On Jan. 1 of last year, Chief Justice John Roberts Jr. said in his annual report that the failure to raise judicial salaries had reached the level of a "constitutional crisis." This January, Roberts toned down the rhetoric, but on Thursday Justice Anthony Kennedy kicked it back up again, telling a congressional committee, "We are at a crisis" over judicial pay. "We are losing our best judges; we can't attract them, we can't retain them."
Kennedy spoke at the Court's annual budget hearing before the House Appropriations Subcommittee on Financial Services and General Government. It was a genial affair, with Kennedy and colleague Clarence Thomas exchanging pleasantries and compliments about harmony between the branches of government. And, oh yes, the Court's budget was well-received: $88 million, up $10 million from last year mainly because of the ongoing, much-delayed renovation of the Court's 73-year-old building. "I can't tell you that I'm pleased with the progress," Kennedy growled as he told the committee that the project is running about 16 months behind, with completion now projected for September 2009 or later.
The table-pounding came when Kennedy was asked about judicial salary increases, which have made some progress through both houses but are still not a done deal. It is a "constitutional duty," Kennedy said, to maintain the general excellence of the judiciary. "If we don't get relief, there will be an exodus of judges," lured by tripled salaries and challenging work in arbitration and private practice. Kennedy also decried proposals to tie salary increases to stricter limits on how much money judges can earn or be reimbursed when they teach or give speeches.
"It doesn't make much sense," Thomas added, for federal judge salaries to be capped at a level that some first-year associates are able to earn. Thomas, too, said judges should be allowed to teach -- "a wonderful way to think about the law" -- and should not be limited even further than they are already in what they can earn in teaching positions.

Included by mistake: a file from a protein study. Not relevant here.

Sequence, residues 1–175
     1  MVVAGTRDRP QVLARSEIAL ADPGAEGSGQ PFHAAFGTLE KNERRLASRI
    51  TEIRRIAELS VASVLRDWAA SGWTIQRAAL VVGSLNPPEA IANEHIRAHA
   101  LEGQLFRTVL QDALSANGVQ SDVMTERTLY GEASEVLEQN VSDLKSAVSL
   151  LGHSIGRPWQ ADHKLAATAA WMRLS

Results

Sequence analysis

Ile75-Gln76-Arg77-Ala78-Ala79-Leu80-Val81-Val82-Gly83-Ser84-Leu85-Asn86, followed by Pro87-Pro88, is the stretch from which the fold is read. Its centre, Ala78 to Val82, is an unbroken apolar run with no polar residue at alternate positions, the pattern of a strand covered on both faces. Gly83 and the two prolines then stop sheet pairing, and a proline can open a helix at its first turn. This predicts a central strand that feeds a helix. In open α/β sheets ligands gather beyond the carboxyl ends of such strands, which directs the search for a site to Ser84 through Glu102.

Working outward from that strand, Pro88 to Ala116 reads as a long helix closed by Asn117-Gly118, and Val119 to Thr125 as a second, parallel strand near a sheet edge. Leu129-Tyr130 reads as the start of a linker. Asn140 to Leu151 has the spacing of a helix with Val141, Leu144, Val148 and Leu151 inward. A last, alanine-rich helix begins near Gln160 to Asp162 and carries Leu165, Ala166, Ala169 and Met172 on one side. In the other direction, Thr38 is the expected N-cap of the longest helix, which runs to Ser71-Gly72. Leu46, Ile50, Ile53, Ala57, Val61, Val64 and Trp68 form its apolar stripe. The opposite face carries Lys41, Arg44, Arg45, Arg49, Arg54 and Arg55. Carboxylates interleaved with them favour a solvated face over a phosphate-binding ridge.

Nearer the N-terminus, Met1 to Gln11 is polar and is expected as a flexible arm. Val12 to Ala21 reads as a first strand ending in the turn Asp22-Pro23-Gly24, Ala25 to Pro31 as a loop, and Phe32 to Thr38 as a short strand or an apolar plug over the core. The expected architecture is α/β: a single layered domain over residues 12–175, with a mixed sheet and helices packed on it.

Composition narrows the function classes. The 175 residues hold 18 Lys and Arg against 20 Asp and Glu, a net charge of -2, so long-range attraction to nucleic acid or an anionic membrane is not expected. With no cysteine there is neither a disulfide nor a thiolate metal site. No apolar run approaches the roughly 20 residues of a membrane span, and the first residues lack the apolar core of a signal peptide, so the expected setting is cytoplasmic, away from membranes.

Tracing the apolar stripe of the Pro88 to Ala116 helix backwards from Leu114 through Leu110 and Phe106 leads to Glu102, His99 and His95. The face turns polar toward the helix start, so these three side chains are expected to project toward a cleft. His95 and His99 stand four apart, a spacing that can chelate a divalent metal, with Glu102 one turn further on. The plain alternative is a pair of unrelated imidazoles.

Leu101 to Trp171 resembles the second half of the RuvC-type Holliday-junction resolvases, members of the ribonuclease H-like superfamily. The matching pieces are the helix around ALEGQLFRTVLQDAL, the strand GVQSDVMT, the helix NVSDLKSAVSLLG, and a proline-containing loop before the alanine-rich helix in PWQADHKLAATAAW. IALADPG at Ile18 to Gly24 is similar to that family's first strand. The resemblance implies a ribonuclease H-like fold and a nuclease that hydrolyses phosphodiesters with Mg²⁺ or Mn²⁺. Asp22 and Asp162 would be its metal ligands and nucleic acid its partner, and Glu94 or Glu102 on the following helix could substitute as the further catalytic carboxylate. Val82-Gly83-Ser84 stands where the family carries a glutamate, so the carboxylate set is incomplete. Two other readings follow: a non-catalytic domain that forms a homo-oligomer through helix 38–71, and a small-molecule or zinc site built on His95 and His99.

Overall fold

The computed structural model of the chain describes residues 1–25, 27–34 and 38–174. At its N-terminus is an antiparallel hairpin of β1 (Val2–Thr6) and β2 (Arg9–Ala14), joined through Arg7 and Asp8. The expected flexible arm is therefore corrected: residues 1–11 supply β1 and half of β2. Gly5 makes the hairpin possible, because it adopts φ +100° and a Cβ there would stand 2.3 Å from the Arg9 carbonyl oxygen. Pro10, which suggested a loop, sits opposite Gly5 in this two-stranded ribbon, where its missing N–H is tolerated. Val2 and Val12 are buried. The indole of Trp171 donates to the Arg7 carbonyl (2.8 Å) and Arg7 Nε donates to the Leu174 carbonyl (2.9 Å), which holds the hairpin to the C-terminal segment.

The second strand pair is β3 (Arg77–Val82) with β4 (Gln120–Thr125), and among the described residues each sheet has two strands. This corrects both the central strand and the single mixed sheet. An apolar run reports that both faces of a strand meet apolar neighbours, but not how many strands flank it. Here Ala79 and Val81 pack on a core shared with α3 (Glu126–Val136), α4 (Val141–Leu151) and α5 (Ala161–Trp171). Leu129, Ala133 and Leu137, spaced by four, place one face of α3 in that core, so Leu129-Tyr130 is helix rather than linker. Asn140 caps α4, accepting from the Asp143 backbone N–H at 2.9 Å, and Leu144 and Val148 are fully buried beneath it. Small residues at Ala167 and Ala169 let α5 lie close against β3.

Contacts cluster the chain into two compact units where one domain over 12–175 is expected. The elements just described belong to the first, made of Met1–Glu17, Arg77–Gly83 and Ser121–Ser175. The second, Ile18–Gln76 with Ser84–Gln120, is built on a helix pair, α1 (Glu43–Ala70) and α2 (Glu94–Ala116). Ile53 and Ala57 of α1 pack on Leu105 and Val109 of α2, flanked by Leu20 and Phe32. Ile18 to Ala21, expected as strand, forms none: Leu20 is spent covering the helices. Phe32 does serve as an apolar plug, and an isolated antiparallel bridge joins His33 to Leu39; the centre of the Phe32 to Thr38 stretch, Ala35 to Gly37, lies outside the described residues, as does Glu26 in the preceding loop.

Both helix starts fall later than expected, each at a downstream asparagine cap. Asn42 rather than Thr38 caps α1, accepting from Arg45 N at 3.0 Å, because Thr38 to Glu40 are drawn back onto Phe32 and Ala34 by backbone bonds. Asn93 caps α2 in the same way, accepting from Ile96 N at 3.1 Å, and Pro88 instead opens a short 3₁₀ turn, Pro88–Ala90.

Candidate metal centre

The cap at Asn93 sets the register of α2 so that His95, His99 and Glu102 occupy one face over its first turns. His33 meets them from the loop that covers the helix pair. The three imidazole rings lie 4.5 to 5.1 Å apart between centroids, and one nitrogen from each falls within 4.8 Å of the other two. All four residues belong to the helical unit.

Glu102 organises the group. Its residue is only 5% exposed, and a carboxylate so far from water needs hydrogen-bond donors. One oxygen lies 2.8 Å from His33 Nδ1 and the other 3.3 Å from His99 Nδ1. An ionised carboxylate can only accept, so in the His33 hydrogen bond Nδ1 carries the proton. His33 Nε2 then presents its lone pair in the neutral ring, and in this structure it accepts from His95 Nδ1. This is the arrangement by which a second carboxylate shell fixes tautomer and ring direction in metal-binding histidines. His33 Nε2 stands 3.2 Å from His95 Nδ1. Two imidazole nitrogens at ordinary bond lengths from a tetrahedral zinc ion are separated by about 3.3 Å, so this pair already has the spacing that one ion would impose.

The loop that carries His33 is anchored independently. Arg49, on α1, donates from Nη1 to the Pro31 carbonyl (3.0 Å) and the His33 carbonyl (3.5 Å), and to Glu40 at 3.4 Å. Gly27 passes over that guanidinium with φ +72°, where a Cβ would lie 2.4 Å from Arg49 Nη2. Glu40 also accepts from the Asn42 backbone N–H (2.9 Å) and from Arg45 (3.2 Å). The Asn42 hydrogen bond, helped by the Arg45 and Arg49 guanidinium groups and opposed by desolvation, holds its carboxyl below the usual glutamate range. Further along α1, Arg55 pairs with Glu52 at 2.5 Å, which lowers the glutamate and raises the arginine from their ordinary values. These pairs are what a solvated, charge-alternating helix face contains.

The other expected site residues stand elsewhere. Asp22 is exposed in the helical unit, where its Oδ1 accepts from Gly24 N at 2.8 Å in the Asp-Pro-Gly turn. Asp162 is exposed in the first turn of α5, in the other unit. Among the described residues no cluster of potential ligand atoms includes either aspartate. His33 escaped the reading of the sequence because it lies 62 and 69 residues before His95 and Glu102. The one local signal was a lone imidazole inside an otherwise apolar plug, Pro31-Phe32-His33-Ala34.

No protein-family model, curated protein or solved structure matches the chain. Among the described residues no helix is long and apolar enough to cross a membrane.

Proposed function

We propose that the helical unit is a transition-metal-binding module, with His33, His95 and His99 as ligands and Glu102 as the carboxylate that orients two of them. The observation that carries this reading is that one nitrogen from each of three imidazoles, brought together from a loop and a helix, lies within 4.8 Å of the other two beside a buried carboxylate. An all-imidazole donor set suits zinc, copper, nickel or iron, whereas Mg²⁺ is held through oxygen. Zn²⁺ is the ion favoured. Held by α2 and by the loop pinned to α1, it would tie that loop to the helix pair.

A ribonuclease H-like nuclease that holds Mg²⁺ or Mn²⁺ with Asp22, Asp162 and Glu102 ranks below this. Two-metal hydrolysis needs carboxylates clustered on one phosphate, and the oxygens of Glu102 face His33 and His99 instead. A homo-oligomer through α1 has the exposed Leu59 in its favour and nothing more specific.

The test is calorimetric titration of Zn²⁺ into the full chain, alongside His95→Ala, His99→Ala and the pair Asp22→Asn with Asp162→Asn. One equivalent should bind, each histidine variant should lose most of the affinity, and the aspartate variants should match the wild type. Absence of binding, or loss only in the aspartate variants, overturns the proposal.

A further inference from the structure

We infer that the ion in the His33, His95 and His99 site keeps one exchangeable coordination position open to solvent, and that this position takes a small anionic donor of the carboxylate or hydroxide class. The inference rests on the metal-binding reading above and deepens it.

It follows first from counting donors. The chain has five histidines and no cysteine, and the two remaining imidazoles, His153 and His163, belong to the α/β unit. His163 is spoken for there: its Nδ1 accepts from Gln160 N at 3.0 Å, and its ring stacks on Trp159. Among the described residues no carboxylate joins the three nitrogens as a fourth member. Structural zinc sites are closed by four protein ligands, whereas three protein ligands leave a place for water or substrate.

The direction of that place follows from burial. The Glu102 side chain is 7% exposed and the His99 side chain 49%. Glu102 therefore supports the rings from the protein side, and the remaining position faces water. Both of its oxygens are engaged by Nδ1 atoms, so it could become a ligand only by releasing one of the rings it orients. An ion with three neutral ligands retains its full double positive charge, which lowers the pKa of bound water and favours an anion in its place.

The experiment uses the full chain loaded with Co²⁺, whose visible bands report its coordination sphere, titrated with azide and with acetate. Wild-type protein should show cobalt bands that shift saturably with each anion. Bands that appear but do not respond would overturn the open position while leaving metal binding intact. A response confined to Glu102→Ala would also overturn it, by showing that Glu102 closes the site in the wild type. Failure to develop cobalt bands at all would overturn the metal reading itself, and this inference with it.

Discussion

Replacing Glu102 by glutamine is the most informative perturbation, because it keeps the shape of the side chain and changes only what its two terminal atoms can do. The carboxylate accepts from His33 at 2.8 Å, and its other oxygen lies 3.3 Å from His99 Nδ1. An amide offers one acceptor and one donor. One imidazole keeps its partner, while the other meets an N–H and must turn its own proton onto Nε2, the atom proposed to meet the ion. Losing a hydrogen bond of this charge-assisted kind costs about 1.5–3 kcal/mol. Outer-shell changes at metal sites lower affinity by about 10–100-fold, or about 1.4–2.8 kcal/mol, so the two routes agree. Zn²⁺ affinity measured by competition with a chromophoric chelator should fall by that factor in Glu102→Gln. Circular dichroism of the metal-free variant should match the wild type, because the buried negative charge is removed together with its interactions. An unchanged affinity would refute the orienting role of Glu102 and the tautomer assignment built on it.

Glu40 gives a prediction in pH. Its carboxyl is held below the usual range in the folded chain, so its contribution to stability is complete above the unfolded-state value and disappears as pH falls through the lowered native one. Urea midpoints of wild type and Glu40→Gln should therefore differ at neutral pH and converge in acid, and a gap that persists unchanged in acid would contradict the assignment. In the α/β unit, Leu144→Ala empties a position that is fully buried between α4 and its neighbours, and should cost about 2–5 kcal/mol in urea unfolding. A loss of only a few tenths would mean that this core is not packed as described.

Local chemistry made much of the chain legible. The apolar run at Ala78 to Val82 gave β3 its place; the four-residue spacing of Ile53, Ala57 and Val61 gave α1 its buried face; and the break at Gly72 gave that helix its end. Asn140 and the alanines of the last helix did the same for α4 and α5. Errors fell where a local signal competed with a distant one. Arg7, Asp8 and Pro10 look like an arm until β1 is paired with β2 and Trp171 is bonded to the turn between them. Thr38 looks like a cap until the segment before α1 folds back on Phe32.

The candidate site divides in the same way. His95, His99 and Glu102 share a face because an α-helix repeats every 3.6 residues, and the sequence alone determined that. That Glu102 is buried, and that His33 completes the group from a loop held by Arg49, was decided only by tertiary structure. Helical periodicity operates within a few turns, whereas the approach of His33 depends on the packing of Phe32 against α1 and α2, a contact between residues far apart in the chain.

As he has in the past, Rep. Jose Serrano, D-N.Y., the subcommittee chair, pressed the justices on the dearth of minority law clerks, first raised as an issue 10 years ago this month. Though numbers are uneven from term to term, overall significantly more minorities are being hired than before.
"We're conscious about it," said Kennedy, telling Serrano that law schools have been doing a "very good job" of encouraging more minority students to seek clerkships. "A clerkship with us is a ticket" to top opportunities after completion, he acknowledged.
Thomas said he, for one, casts his net for clerks more widely than the law schools at Harvard, Yale and Stanford. "There are Jackie Robinsons everywhere," Thomas said, noting that his four clerks for next term are graduates of the law schools at Rutgers, Creighton, George Washington and George Mason universities, respectively. "It is as outstanding a class as I've ever had," Thomas said.
Neither justice responded to Serrano's request for statistics on the number of minority clerks the Court has hired.
First reported in The BLT: The Blog of Legal Times